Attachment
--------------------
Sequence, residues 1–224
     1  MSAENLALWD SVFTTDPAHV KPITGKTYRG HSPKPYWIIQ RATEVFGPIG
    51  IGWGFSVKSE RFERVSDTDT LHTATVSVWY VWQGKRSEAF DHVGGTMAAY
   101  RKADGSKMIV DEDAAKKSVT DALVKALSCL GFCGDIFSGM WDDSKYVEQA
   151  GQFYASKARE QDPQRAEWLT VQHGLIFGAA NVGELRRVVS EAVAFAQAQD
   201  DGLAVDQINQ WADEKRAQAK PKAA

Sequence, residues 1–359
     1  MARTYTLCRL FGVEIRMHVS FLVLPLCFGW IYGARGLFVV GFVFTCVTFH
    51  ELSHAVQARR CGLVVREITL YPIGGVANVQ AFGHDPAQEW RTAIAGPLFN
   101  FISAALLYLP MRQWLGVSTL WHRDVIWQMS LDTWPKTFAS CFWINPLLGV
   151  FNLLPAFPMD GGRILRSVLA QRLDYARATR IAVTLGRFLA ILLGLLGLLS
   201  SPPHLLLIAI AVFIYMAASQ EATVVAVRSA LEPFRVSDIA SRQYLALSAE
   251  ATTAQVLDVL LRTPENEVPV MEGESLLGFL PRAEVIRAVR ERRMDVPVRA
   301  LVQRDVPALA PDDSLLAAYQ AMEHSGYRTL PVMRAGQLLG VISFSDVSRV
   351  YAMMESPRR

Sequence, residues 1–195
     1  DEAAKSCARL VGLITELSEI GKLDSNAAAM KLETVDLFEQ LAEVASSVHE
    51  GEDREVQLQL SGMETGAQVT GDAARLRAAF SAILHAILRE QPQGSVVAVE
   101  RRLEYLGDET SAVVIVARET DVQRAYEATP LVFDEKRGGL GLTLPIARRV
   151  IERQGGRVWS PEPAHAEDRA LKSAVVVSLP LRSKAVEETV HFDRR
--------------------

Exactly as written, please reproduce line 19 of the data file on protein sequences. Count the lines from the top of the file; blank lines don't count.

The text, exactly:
   101  RRLEYLGDET SAVVIVARET DVQRAYEATP LVFDEKRGGL GLTLPIARRV